Surgical Care at the District Hospital
Part 1 2 3 4 5 6 Primary Trauma Care Manual
Traumatology and orthopaedics
Acute Trauma Management
Trauma in perspective
Principles of Primary Trauma Care
Six phases of Primary Trauma Care
Procedures
Orthopaedic Techniques
Traction
Casts and Splints
Application of external fixation
Diagnostic imaging
Physical therapy
Crania burr holes
Orthopaedic Trauma
Upper extremity injuries
The hand
Fractures of the pelvis and hip
Injuries of the lower extremity
Spine injuries
Fractures in children
Amputations
Complications
War related trauma
General Orthopaedics
Congenital and developmental problems
Bone tumours
Infection
Degenerative conditions
Trauma in Perspective
 

> CLAVICLE FRACTURES
> ACROMIAL-CLAVICULAR JOINT SEPARATION
> SHOULDER DISLOCATION
> PROXIMAL HUMERUS FRACTURES
> HUMERAL SHAFT FRACTURES
> SUPRACONDYLAR FRACTURES OF THE HUMERUS
> OLECRANON FRACTURES
> FRACTURES OF THE RADIAL HEAD AND NECK
> ELBOW DISLOCATION
> FOREARM FRACTURES
> DISTAL RADIUS FRACTURES
> CARPAL FRACTURES AND FRACTURE DISLOCATIONS




Carpal fractures and fracture dislocations
Injuries to the carpal bones fall into three major categories:

:: Scaphoid fractures
:: Trans-scaphoid perilunate fracture/dislocations
:: Perilunate dislocations.


The scaphoid bone (S) bridges the proximal and distal rows of carpal bones, making it especially vulnerable to injury. Most commonly, fractures occur at the waist but may also involve the proximal or distal pole (Figure 18.33).

Figure 18.33
Figure 18.33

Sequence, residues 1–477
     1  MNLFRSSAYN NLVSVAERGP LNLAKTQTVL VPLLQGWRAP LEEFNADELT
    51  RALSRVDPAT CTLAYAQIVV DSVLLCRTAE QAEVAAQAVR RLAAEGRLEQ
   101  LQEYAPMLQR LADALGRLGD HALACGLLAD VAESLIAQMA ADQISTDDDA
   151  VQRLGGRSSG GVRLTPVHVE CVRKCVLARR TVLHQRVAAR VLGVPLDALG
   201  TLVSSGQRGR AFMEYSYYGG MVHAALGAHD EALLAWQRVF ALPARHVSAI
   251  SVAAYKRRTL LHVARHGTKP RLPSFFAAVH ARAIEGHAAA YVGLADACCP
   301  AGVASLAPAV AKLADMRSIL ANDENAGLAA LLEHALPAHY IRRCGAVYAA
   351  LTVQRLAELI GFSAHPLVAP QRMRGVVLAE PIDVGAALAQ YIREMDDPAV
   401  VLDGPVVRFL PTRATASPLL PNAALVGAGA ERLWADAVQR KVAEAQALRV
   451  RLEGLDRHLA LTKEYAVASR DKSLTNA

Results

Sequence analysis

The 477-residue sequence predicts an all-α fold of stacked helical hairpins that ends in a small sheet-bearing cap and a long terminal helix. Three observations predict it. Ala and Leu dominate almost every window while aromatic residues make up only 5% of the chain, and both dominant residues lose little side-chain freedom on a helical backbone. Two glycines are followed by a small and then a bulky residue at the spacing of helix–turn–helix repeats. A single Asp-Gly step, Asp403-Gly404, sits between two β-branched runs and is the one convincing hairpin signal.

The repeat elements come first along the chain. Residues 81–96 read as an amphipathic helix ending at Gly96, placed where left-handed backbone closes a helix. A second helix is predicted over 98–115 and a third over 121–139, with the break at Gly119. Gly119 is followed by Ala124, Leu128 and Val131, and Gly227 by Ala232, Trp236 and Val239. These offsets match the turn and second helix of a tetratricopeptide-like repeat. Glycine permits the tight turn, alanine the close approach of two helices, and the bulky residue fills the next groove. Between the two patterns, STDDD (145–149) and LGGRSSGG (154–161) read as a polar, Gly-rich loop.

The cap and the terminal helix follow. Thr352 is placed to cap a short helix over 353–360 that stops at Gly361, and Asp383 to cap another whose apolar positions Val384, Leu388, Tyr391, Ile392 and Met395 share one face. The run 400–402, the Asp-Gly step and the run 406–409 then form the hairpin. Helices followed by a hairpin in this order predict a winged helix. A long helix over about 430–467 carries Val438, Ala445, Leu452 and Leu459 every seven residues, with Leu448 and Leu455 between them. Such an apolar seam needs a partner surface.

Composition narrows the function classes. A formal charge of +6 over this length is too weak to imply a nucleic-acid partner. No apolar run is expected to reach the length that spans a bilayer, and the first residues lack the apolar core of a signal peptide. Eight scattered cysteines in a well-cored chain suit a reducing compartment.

Perilunate dislocations occur with or without an accompanying scaphoid fracture. The lunate (L) stays in a volar position while the remaining carpal bones dislocate posteriorly (Figure 18.34).

Figure 18.34
Figure 18.34


Evaluation

The wrist appears swollen and painful to move.

:: Scaphoid fractures are tender in the anatomic snuff box and over the scaphoid tubercle on the volar aspect of the wrist. If a perilunate dislocation has occurred, these findings are diffuse about the wrist. X-rays are necessary to make a definitive diagnosis.
:: In perilunate dislocations, the lateral X-ray shows an anteriorly displaced lunate bone, with its concavity facing forward (Figure 18.34). The carpus is shortened and the proximal margin of the capitate does not articulate with the concavity of the lunate.
Figure 18.34
Figure 18.34


Treatment

:: Treat scaphoid fractures with minimal displacement in a thumb spica splint or cast. Healing time is between 6 and 20 weeks.
:: Perilunate dislocations require reduction followed by placement in a long arm thumb spica splint. The reduction is usually unstable over time and most patients will need surgical stabilization.

 

> CLAVICLE FRACTURES
> ACROMIAL-CLAVICULAR JOINT SEPARATION
> SHOULDER DISLOCATION
> PROXIMAL HUMERUS FRACTURES
> HUMERAL SHAFT FRACTURES
> SUPRACONDYLAR FRACTURES OF THE HUMERUS
> OLECRANON FRACTURES
> FRACTURES OF THE RADIAL HEAD AND NECK
> ELBOW DISLOCATION
> FOREARM FRACTURES
> DISTAL RADIUS FRACTURES
> CARPAL FRACTURES AND FRACTURE DISLOCATIONS



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  Kep Points  
The injury results from a fall on the outstretched hand in hyperextension


Diagnosis is difficult and is often overlooked



 
Adequate X-rays are necessary for accurate diagnosis


 
Closed reduction is the initial treatment, but surgical stabilization may be necessary.